advertisement
Media Beat, Aug. 31, 2023

By David Farrell

Netflix and Cineplex in a tiff over TIFF screens

Relations between exhibitors and streamers seemed to warm during the heights of the pandemic, when multiplexes were starved for content after Hollywood distributors either held onto films or released them through their digital platforms, and theatres took whatever scraps of limited theatrical releases Netflix offered them. But today, even with studios pulling titles from the release calendar due to the continuing SAG-AFTRA strike, tensions between cinemas and streamers remain high, with both parties at odds over just how to best exploit the theatrical market. – Barry Hertz, The Globe and Mail


Competition Bureau ordered to pay $13M for Rogers/Shaw takeover snafu

The Commissioner of Competition must pay Rogers and Shaw nearly $13 million in costs related to the abortive attempt to block Rogers’ $26 billion takeover.

advertisement

The Competition Tribunal has directed the commissioner to pay Rogers nearly $415,000 and Shaw $416,000 in counsel fees. The commissioner must also pay Rogers $9.2 million and Shaw $2.8 million for costs related to reports and expert witnesses during the late 2022 trial. – Nida Zafar, Mobile Syrup

CRTC announces plan to implement Online News Act

In an Aug. 24 news release, the regulator said it will launch a public consultation this fall, but no firm date has been given.

The Act was passed on June 22, 2023, and is expected to come into force on or before December 19, 2023. It establishes a mandatory bargaining regime supervised by the CRTC, whereby eligible news businesses can seek compensation from digital news intermediaries who are making news content available on their platforms. For example, a Canadian news outlet could seek compensation from a social media service for links sharing their news stories. Blake, Cassels & Graydon’s Sunny Handa, Céline Poitras and Liliane Langevin delve into the particulars here.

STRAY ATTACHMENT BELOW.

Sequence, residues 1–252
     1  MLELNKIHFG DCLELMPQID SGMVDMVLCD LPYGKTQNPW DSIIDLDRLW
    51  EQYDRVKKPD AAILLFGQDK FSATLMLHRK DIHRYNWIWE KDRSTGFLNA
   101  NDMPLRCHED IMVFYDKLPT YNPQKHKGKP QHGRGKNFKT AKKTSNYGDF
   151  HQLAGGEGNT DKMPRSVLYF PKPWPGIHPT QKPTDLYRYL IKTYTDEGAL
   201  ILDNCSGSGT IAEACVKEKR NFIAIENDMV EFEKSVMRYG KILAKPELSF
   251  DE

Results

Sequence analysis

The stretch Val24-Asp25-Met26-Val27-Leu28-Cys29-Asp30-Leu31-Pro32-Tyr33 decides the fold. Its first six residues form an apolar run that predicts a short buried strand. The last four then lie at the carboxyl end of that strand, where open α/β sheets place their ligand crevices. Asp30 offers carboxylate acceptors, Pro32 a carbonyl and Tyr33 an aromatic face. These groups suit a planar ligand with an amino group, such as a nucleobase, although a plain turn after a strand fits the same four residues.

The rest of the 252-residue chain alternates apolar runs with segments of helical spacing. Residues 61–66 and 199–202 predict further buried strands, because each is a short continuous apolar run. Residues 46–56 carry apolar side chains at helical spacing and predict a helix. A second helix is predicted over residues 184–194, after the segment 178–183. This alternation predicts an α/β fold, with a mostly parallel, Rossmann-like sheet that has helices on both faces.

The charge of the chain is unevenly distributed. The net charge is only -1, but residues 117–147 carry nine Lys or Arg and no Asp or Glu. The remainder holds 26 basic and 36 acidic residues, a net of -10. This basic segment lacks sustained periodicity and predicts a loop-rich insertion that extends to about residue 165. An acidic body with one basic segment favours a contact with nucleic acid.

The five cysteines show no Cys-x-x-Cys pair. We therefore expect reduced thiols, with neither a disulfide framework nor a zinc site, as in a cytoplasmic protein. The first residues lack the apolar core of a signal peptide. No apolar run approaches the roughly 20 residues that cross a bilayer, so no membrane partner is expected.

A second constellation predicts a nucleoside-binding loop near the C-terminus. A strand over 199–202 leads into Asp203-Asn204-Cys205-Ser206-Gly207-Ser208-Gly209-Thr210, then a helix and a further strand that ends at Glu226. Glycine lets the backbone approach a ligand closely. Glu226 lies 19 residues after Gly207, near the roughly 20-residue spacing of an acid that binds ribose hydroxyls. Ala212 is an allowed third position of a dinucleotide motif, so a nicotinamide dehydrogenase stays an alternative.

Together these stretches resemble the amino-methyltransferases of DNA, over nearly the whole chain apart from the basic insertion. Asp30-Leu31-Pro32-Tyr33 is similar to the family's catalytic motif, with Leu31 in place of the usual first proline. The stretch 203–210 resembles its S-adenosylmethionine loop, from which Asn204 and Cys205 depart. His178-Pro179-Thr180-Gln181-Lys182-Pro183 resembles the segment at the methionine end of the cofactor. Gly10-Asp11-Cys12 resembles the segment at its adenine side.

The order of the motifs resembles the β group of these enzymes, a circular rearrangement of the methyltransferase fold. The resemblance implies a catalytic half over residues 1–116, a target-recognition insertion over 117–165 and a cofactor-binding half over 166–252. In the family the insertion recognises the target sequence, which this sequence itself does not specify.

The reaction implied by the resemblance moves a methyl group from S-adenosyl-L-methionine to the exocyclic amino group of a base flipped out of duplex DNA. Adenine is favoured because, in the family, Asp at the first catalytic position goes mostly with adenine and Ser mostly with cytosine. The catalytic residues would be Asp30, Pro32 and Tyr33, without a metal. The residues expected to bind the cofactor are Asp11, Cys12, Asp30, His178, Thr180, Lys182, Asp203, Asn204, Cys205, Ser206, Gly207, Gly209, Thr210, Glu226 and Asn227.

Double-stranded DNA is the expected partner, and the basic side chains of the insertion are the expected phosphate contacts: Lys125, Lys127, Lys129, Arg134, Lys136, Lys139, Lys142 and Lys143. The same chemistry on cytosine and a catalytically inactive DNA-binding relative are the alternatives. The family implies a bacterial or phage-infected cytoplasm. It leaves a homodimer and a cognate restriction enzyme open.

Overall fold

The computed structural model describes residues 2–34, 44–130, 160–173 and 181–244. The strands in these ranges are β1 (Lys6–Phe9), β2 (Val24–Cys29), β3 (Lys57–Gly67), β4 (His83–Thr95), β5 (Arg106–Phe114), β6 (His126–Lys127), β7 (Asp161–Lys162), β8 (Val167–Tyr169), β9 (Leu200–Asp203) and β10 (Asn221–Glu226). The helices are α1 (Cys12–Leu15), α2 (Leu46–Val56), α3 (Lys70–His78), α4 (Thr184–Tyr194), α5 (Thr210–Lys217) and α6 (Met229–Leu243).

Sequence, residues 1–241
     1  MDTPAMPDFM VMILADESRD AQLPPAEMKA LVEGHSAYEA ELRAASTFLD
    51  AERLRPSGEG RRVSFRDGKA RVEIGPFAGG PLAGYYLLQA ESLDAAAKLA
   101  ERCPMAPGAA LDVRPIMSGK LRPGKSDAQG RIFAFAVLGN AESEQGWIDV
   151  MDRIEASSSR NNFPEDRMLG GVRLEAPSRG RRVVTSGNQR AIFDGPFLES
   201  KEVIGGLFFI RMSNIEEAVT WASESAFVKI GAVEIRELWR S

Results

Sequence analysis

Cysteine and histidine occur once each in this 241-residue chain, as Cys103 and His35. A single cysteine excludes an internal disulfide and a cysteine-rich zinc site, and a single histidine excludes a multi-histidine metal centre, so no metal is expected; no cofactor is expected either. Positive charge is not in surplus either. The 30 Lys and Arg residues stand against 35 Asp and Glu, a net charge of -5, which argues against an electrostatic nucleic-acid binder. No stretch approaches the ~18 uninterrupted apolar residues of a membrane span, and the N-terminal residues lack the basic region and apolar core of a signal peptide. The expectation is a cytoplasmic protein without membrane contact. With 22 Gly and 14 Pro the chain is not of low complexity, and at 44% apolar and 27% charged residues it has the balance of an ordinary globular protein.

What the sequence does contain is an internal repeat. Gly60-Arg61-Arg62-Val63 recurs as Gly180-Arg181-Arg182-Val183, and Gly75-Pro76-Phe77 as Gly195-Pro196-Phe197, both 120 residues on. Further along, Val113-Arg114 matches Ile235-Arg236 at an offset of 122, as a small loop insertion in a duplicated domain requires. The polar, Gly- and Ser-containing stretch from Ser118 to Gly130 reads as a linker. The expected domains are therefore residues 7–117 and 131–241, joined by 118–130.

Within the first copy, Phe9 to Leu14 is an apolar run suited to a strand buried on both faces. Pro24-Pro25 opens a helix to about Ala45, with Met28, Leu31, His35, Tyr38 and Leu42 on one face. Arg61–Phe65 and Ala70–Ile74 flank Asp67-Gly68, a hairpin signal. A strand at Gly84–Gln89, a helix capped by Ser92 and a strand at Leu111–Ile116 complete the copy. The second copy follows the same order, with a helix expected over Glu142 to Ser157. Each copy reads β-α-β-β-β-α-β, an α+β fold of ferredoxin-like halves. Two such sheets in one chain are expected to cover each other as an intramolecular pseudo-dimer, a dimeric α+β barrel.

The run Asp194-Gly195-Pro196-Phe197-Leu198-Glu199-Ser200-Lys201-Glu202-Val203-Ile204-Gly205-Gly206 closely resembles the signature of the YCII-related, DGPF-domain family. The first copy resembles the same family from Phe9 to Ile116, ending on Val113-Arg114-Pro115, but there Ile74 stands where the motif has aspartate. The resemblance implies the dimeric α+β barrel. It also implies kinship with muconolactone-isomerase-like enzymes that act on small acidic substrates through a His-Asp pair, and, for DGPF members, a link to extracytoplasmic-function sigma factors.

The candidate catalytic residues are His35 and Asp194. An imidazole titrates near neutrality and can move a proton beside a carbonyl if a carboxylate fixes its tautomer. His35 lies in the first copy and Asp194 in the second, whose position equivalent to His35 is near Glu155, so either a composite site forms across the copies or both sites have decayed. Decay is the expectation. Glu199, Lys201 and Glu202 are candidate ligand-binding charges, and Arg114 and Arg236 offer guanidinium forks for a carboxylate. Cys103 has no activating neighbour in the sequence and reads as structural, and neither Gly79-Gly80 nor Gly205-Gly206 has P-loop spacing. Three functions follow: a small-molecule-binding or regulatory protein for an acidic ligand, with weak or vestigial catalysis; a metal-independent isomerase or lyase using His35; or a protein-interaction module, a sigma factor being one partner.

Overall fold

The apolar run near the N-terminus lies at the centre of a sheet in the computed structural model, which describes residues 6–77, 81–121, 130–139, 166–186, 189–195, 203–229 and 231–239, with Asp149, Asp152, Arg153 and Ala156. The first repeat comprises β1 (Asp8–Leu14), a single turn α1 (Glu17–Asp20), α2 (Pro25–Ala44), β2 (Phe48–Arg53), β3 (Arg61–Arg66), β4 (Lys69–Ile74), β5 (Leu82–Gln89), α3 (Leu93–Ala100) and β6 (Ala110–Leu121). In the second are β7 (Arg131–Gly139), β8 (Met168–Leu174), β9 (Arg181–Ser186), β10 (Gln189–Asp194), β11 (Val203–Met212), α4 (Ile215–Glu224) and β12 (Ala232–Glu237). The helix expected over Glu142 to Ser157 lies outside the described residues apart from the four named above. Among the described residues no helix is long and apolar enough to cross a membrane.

Why Heritage Minister Pascale St-Onge doesn’t seem to get how Bill C-18 works

Heritage Minister Pascale St-Onge went on a media offensive late last week, granting interviews to a wide range of publications. St-Onge noted that she had “positive” talks with Google and Meta that she hoped would result in a compromise and improbably claimed concern for users’ rights to share information online, an odd position given that Bill C-18 undermines the free flow of information online with its mandated payments for links approach. St-Onge got the headlines she was no doubt looking for, but it was pretty obvious that not much had changed, with Meta confirming that she had requested the meeting and that it is continuing to end news availability in Canada. While that was typical of the English-language coverage, St-Onge’s comments to French language outlets such as La Presse and Journal de Montreal added another dimension, with the Minister suggesting that companies should negotiate deals by year-end in order to become “exempt” from the law.

advertisement

St-Onge may want to leave the impression that there is an easy out for the tech companies, yet the reality is those comments fundamentally misunderstand how Bill C-18 works. First, signing agreements does not result in an exemption from the law… – Michael Geist

John Tory returns to radio after resigning as mayor of Toronto

Looking a lot older, the once popular three-term mayor returned to radio as a temp host on Bell Media-owned NewsTalk 1010 morning drive show.